Should I free the strdup pointer after basename / dirname in C?

I want to use a POSIX feature basename

(as opposed to GNU).

From the man page:

Both dirname () and basename () can change the contents of the path, so it might be desirable to pass a copy when calling one of these functions.

These functions can return pointers to statically allocated memory, which can be overwritten by subsequent calls. On the other hand, they can return a pointer to some part of the path , so that the string specified in the path should not be modified or freed until the pointer returned by the function is no longer required.

It also says:

       Both dirname () and basename () return pointers to null terminated strings. ( Do not omit these pointers to free (3).)

So the example suggests something like:


       char *dirc, *basec, *bname, *dname;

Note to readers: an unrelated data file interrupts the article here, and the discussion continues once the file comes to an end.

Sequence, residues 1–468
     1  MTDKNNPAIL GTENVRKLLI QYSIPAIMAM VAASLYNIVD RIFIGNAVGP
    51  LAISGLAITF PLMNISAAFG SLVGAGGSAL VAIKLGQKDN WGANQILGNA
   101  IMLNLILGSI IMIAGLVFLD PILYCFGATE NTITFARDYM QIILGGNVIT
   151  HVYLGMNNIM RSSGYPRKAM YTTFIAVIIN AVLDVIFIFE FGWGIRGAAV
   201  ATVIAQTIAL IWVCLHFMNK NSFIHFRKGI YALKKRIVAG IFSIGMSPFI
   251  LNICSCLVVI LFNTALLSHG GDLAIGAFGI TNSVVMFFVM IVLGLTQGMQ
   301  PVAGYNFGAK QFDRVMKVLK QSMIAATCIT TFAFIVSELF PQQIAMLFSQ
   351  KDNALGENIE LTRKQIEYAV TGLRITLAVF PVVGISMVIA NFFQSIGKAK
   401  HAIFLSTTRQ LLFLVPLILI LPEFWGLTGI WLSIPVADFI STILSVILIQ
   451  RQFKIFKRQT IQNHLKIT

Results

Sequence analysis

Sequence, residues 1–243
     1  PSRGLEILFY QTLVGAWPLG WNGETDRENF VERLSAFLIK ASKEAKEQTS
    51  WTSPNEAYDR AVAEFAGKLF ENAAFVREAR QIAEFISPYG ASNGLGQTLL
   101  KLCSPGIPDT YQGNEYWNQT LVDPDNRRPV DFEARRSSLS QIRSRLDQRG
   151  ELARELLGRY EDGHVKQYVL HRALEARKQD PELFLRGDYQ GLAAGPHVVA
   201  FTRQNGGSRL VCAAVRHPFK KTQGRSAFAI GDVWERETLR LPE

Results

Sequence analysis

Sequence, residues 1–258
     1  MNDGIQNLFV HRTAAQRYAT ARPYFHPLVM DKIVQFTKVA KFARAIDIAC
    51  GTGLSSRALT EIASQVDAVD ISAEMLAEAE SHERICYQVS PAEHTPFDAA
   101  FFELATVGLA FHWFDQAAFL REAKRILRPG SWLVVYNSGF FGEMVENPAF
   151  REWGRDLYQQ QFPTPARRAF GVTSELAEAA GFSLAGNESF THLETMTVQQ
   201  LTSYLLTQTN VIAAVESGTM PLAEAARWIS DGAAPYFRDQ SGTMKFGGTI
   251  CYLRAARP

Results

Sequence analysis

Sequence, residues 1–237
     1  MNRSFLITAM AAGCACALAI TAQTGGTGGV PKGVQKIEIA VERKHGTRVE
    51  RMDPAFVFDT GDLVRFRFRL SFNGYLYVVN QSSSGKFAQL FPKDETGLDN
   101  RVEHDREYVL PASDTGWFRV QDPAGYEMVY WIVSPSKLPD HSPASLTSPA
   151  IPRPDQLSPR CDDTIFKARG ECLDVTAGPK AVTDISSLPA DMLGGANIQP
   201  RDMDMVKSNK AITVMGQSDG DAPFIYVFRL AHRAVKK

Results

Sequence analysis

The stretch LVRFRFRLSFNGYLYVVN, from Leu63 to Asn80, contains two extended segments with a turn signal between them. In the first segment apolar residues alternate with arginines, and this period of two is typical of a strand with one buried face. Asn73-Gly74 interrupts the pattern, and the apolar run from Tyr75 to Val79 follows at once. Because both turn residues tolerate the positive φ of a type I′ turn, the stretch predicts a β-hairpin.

char *path = "/etc/passwd";

       dirc = strdup(path);
       basec = strdup(path);
       dname = dirname(dirc);
       bname = basename(basec);
       printf("dirname=%s, basename=%s\n", dname, bname);


The man page strdup

( strndup

) says:

The memory for the newline is obtained with malloc (3) and can be freed with free (3).

So the question is: should I free dirc and basec (according to strdup

) or not (according to basename



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1 answer


and bname

parts can be used dirc

and basec

respectively, so it is not safe to release them.

I would follow strdup

from the call results dirname

and basename

. It is safe to release dirc

both then basec

, and you KNOW that you need to release your copies.

(yes it is dirty, but I think it is cleaner than remembering that you cannot free dirc

, but since you dname

may or may not use it ...)



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